LAS VEGAS (WCBS 880) — With more than 20 Democrats vying for the White House, former New Jersey Gov. Chris Christie says there’s one candidate in particular President Donald Trump should be careful of in 2020: Joe Biden.
“Biden can appeal to those blue-collar white workers in Pennsylvania, Ohio, Michigan and Wisconsin where the president won the presidency by tens of thousands of votes in those four states,” Christie said. “If he were to peel those voters off, the president would lose. But I don’t think anybody else like Bernie Sanders, or Elizabeth Warren or Kamala Harris – they’re too far left. And I think middle America will just say, ‘Yea, we’re not thrilled with Trump but we’re not moving to this’ and that’s why I think Biden’s the only chance they have.”
But Christie, who was a GOP contender in the 2016 presidential election and later removed from Trump’s transitional team following his upset victory, says he believes Trump will be re-elected.
“I really think since the Bush v. Gore election I think it has been building towards what’s happening now in the country for the last 20 years. The one thing I’ve said to people is if the president is reelected, which if you ask me today to guess I’d say he’s going to be, that the one good thing about it amongst other things will be that after eight years of Donald Trump the country will be exhausted,” the former governor said. “Those who aren’t will be by the end of eight years of him and it’s going to force us to reassess it. It’s going to be a time to hit a reset button because no one can take it to the level that he’s taken it to.”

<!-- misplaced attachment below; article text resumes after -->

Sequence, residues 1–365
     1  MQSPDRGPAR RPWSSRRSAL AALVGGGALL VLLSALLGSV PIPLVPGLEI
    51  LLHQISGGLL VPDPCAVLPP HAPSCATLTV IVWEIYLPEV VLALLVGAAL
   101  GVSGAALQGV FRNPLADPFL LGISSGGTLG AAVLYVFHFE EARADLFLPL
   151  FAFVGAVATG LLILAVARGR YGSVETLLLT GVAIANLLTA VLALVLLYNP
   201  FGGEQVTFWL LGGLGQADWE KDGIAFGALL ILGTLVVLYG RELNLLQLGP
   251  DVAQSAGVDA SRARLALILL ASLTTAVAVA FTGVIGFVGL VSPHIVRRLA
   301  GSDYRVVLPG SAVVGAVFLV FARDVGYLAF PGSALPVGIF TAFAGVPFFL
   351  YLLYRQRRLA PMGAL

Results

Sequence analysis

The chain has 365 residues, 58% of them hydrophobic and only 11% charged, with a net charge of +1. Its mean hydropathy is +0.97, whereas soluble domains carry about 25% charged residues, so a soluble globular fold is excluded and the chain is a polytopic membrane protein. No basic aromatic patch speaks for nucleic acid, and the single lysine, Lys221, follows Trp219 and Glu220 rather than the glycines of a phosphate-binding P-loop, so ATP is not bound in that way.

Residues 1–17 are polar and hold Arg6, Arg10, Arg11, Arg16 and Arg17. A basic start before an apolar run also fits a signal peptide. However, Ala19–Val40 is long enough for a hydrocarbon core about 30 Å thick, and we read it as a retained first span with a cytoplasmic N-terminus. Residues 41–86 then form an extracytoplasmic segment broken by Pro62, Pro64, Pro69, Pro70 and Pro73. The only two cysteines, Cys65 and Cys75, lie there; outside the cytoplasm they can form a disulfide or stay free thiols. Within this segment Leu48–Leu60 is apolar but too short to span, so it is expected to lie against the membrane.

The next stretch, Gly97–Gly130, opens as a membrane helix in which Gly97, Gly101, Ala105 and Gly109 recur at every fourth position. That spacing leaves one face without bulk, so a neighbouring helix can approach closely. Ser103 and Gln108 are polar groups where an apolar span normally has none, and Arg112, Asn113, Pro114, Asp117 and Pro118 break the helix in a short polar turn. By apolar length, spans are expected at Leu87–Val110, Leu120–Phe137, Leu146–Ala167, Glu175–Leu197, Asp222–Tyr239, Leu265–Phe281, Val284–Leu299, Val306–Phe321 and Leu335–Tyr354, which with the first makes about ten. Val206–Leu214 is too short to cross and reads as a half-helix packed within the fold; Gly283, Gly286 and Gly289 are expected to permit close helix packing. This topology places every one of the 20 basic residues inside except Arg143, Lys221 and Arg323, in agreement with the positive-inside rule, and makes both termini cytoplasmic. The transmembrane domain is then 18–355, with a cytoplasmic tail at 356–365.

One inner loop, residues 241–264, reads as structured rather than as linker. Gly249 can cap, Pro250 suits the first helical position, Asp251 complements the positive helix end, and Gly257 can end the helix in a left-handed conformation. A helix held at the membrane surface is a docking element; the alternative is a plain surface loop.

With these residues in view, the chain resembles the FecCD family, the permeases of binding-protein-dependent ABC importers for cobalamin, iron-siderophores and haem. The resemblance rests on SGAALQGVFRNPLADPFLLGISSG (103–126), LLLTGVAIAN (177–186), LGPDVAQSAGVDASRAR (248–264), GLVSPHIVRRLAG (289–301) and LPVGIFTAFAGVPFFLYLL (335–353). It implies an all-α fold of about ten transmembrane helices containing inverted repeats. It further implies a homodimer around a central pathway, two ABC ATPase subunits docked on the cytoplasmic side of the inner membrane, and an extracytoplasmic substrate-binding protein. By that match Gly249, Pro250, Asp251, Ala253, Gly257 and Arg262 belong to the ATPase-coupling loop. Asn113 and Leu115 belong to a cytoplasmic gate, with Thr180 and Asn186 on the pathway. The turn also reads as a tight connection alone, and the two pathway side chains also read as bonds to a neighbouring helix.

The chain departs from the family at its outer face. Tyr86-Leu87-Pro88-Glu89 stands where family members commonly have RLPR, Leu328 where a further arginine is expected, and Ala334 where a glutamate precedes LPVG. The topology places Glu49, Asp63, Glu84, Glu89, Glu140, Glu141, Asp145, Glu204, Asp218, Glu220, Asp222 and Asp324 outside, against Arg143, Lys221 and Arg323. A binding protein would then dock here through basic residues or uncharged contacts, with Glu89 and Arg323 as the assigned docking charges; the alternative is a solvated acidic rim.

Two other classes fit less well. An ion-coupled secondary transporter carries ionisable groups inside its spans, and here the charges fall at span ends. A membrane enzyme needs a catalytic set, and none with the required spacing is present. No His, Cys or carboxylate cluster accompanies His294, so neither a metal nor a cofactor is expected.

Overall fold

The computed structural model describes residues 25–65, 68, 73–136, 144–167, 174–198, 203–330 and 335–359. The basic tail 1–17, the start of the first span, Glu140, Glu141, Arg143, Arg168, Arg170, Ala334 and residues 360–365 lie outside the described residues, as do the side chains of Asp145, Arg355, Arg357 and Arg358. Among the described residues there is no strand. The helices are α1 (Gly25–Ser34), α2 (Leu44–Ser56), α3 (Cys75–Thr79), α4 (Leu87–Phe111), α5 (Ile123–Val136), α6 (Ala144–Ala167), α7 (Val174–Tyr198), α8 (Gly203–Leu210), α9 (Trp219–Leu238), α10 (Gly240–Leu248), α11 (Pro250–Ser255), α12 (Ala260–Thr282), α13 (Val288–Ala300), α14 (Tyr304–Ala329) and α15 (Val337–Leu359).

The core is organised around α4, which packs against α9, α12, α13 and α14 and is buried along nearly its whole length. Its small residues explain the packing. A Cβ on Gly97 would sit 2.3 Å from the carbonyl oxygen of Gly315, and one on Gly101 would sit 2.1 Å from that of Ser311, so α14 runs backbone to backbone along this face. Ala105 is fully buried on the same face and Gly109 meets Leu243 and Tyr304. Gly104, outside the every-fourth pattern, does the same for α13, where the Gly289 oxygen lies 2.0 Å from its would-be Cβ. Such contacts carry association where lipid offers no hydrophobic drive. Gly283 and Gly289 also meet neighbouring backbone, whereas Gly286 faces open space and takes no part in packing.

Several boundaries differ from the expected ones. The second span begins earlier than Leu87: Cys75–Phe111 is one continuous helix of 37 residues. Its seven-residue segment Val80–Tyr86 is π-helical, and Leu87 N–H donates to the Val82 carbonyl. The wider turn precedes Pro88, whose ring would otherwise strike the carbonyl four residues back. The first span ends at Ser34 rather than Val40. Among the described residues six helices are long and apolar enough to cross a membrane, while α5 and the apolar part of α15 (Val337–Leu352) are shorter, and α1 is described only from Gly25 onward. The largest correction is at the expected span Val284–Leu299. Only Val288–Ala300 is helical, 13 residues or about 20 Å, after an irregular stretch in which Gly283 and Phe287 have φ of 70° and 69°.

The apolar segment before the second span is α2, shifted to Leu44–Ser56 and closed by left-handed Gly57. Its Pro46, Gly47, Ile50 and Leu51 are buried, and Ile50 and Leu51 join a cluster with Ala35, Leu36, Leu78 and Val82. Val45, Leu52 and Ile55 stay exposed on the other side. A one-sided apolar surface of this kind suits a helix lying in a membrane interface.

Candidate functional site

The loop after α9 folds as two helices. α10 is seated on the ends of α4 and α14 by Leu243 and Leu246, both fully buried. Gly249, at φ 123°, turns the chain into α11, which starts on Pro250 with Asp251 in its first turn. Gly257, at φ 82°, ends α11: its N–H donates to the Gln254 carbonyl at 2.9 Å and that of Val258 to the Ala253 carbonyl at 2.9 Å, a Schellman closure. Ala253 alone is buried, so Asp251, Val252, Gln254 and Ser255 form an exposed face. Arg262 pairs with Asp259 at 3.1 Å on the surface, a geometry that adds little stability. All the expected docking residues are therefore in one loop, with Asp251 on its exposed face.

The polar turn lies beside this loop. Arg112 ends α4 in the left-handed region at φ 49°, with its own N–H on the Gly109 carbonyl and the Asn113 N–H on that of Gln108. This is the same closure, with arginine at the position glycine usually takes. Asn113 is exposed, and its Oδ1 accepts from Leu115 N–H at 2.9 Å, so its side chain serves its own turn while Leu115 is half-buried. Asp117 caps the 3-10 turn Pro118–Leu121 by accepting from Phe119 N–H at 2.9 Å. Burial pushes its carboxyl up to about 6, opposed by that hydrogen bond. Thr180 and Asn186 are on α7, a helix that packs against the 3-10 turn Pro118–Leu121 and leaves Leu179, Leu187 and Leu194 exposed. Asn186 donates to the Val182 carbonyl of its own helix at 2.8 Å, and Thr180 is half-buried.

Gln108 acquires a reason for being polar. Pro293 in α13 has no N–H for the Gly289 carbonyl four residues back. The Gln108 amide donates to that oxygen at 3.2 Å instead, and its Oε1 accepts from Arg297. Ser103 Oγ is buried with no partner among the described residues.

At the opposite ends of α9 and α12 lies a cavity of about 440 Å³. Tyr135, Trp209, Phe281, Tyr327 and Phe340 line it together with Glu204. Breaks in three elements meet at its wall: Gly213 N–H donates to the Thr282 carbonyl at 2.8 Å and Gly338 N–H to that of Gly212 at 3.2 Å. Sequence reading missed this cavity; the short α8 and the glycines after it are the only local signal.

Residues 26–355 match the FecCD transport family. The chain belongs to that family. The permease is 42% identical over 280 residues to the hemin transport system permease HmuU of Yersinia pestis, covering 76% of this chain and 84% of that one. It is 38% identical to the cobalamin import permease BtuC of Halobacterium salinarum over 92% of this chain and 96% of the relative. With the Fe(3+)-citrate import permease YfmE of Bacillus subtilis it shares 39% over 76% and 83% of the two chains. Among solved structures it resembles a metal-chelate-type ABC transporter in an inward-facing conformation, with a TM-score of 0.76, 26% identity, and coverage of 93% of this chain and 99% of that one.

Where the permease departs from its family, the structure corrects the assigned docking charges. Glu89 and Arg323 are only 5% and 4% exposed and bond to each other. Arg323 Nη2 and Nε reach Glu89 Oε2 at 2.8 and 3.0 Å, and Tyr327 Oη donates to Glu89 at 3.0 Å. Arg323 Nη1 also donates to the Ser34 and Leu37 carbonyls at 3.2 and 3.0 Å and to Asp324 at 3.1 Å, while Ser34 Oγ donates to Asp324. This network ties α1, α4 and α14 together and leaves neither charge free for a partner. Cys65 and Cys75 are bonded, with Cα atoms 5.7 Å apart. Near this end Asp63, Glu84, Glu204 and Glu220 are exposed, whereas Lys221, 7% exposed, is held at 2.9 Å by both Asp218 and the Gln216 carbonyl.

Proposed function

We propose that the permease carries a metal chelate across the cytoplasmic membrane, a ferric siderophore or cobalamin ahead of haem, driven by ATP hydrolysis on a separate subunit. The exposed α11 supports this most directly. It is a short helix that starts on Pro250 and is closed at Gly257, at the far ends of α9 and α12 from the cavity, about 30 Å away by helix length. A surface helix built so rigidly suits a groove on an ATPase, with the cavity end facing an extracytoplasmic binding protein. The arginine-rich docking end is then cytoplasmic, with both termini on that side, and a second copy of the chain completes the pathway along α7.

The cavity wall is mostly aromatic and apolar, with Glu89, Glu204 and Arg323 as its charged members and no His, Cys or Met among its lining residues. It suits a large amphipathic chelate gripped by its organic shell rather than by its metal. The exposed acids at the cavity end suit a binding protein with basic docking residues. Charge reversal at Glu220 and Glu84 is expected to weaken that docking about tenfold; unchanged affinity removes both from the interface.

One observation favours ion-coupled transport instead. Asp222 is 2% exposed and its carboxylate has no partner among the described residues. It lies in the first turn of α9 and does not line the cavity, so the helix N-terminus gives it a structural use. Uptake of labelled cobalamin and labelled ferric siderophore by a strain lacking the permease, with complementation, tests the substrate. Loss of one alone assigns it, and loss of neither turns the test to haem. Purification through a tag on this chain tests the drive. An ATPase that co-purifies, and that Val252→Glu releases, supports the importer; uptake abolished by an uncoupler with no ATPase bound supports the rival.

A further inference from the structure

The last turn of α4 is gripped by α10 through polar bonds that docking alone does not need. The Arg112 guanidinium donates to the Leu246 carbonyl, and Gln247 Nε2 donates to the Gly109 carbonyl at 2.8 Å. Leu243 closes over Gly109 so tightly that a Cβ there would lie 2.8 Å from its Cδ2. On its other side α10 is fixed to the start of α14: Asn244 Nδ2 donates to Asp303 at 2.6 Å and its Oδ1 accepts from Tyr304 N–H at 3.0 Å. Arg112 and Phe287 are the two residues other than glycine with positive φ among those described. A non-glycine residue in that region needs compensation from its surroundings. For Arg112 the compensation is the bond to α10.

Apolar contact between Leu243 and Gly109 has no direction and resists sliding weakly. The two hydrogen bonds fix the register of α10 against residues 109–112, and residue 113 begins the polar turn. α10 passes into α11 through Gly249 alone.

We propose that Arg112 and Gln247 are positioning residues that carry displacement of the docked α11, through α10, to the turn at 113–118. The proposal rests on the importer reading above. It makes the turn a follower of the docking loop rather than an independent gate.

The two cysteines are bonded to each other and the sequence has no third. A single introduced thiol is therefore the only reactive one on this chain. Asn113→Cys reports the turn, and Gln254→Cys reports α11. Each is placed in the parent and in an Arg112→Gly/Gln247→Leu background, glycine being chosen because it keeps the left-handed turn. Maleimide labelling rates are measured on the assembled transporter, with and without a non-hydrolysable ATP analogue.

Christie says that while President Trump has created significant changes to the Republican Party, he doesn’t believe those changes are permanent.
“I don’t think he’s changed the Republican Party forever and I don’t think he’s changed the Republic forever,” he said. “And he would love that, that it’s unique to him. Most people would want to change it forever and want a legacy, I don’t think he’s the least bit interested in that. He wants to look back and say he’s the only one that could’ve done that.”
The former governor reflected on the currently political climate and notes that the tension between the Democratic and Republican parties have grown significantly because of President Trump. However, when looking back on the 2016 Presidential Election, he says there was no way to stop the momentum that have built up, simply because no candidate had the funding to push back against Trump.
“It was very hard to run against him because, except for Jeb, none of us had the money to go after him. I had all kinds of things that I wanted to use that were factually hits on Donald Trump that I knew from my time in New Jersey because his business career in New Jersey was checkered. But, who had the money to do it? Only Jeb did, and Jeb wasted all that money,” Christie says. “If people really look back on that race, the candidates in particular, if you want to quote-unquote blame someone for Donald Trump, it’s Jeb Bush because he had $150 million and he never laid a glove on Donald Trump, ever. In fact, became a punching bag for him.”
The question that remained was whether or not Christie himself would ever consider facing off against the president again, to which he says, “There would be no way I would do it unless I thought I had a legitimate chance to win.”
Bridget Kelly, along with co-defendant Bill Baroni — a former Port Authority executive, was convicted in what prosecutors and a co-conspirator claim was a plot to create gridlock in Fort Lee as political payback against the town’s Democratic mayor who had declined to endorse her former boss, ex-New Jersey Gov. Chris Christie.